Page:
It is easy to miss the tax breaks you have a right to when you are in a rush to meet the filing deadline; however, before you run to your accountant’s office, you should review these 5 tax deductions you probably did not know about:
- State sales tax. Depending on the state in which you reside, you can choose to deduct your state and local sales taxes over the state income tax; however, you may only pick one, and the list must be itemized when filing. If you live in a state with higher income tax rates, you will be better off choosing to skip filing your sales tax deductions. There are limitations, though, such as amount allotted for the discount and a higher salary.
- Charitable gifts and donations. Providing monetary donations to non profits and causes throughout the year do count as subtractions on your records. You might remember to note this with your accountant, but make sure to also note any supplies you purchased or contributed toward a group. These count as itemized charitable donations. While the time you spend cannot be accounted for from your fees, you can deduct 14 cents to the mile for any time spent driving as well as costs for cleaning any uniforms and the like.
- Moving expenses and job hunting. You may be aware that certain expenses accrued from relocating for a new job can be considered a tax write-off, but it does not stop there. We have good news for you recent college graduates: Your first position is permitted by the IRS to be written off if your first job is an exceptional distance (more than 50 miles) from where you currently live including parking fees and tolls. Additionally, those with existing jobs can deduct costs associated with searching for a new occupation as long as you itemize. As with anything, there are some restrictions along with key notes to keep in mind. You can learn about those here.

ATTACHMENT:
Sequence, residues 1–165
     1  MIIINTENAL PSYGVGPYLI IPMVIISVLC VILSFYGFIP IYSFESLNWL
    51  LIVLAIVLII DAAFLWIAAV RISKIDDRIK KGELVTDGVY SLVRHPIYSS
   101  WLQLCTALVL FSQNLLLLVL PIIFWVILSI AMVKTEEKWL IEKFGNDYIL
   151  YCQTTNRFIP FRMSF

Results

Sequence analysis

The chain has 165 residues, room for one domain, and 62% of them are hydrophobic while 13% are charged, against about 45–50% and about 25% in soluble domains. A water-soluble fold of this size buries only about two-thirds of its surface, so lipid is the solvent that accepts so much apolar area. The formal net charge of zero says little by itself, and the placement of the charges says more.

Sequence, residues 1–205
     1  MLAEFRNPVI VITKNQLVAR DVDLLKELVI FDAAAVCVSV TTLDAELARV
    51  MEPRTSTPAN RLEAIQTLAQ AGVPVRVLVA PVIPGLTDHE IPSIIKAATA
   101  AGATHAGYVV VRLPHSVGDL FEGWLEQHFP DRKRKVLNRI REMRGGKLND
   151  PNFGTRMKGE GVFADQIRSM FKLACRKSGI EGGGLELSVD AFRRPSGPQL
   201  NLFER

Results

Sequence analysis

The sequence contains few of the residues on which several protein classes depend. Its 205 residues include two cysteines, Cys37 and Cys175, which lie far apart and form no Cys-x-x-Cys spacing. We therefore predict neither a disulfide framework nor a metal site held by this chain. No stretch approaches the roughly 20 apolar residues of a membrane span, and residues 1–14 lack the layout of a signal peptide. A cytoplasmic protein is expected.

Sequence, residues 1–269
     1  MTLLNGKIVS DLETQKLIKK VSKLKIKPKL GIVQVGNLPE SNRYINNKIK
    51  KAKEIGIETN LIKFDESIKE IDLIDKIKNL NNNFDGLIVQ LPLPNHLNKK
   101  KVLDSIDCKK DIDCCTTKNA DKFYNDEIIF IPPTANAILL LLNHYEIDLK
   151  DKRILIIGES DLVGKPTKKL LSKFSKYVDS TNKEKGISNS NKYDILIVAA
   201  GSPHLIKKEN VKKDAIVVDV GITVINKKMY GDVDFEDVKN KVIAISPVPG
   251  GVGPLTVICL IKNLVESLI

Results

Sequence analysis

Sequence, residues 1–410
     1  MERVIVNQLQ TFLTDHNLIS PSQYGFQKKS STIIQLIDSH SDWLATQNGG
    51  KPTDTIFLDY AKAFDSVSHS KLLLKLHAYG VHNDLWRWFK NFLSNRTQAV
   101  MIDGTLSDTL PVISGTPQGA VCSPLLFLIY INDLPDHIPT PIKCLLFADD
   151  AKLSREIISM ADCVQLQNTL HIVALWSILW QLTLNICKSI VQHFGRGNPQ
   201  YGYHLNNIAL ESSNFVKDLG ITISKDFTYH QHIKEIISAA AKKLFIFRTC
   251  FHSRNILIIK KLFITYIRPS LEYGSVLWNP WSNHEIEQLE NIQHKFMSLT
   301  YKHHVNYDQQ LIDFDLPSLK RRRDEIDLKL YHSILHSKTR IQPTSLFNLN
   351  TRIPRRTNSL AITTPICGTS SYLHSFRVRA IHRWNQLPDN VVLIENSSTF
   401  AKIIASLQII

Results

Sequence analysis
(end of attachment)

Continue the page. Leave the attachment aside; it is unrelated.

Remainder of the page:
- Retirement tax savings. If you have been holding off on investing funds into a retirement fund, you may want to start now. In an effort to encourage low-income and moderate tax payers to save money, the retirement savings contribution credit (otherwise known as the saver’s credit) was put into place. Individuals may receive up to 50% in tax savings for the first $2,000 placed into a retirement account, whether individual or through your workplace.
- Certain medical expenses. For most taxpayers with many medical expenses, including travel costs to and from appointments and the like, these itemized charges must exceed 7.5 percent of your adjusted gross income in order to be deducted. It can be difficult to reach this threshold even when you include the premium you pay on your insurance. However, if you are self-employed and pay for your own insurance plan, you are granted to dock 100 percent of your premium cost off your gross income.
These are just a few of the deductions you may not have known about. Others include tuition and higher education fees for yourself, spouse or dependent; child care credit; and refinancing mortgage points. Be sure to speak with your accountant about all of the above and any others for which you may qualify.
If you’ve already filed for this year, make it a goal to start tracking more deduction opportunities for the remainder of 2016.